Dave A's PD Story

I was diagnosed at age 46, in April of 2017, smack in the middle of Parkinson's Awareness Week. I can’t decide if that is ironic, or fitting.

It’s hard to say when the Parkinson’s actually really began. I had symptoms for several years prior, but they were always dismissed as something else. Neck and shoulder pain and stiffness were said to be caused by a previous injury. Olfactory hallucinations (phantom smells) and loss of smell were blamed on sinus issues. Extreme fatigue was blamed on depression/allergies/laziness. Issues like anxiety, apathy, and mild cognitive issues were hidden by me and so slow to arise that they didn’t cause alarm.

Within a couple of years, I started noticing an occasional tremor in my right hand and just called it ‘nerves’. My wife noticed, a couple of times and I mentioned it, but I wasn’t worried yet. Finally the tremor became present more frequently, and was more pronounced, and then I became concerned. I started doing some online self-diagnosing on medical websites and the one that always came out on top was, of course, Parkinson’s Disease. 

I scheduled an appointment with my primary care physician and remember thinking that I hoped my tremor would be present during the visit, so he could see it. That seems funny to me now, because shortly after that visit my tremor became present during all waking hours.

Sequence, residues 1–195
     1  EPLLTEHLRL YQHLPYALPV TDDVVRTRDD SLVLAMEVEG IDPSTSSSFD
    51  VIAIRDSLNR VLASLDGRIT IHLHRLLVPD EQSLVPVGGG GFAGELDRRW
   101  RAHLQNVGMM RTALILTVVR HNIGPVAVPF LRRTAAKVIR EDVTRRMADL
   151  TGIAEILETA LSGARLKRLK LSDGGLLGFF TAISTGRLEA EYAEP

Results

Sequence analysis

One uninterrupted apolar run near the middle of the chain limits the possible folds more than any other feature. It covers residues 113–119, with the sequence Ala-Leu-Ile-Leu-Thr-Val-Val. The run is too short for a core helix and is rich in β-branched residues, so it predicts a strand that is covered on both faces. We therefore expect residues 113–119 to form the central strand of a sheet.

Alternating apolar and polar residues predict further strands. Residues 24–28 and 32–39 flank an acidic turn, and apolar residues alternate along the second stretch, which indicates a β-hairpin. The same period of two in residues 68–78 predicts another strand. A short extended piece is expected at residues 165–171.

My doctor did get to see my tremor and I could see the look of concern on his face. So, that office visit led to a referral to a neurologist and a bunch of tests to rule out other things. They all came back negative, but the neurologist still didn’t feel comfortable diagnosing it as Parkinson’s. So, she referred me to a Movement Disorder Specialist at University of Texas Health Science Center.

Several months later, when I was finally able to see the MDS, my tremor had become very strong and persistent. The doctor took one office visit and said the words “You have Parkinson’s Disease.” By this time, I was already sure that’s what it was, but it was still shocking to hear him say it. Forunately, the doctor had a very positive attitude and explained that he was going to keep me living a ‘normal’ life for a very long time, and his goal was to keep me working until retirement age. He made my wife feel at ease, but it was still a long strange drive home. I’m sure she cried later, when I wasn’t around. I never cried. I just kind of accepted it. What else could I do, really? 

A year later, I have found a combination of meds that help my motor symptoms, and have come to terms with being a ‘Parkie’. All that means is I now have a different reality that involves taking multiple medications several times a day just to get to what appears to be a near normal state. I still have some symptoms that the meds don’t help and others that the meds only partially help, and I have other issues brought on or amplified by the medication, but I’m happy and feel blessed to have a way to control my tremor, for now.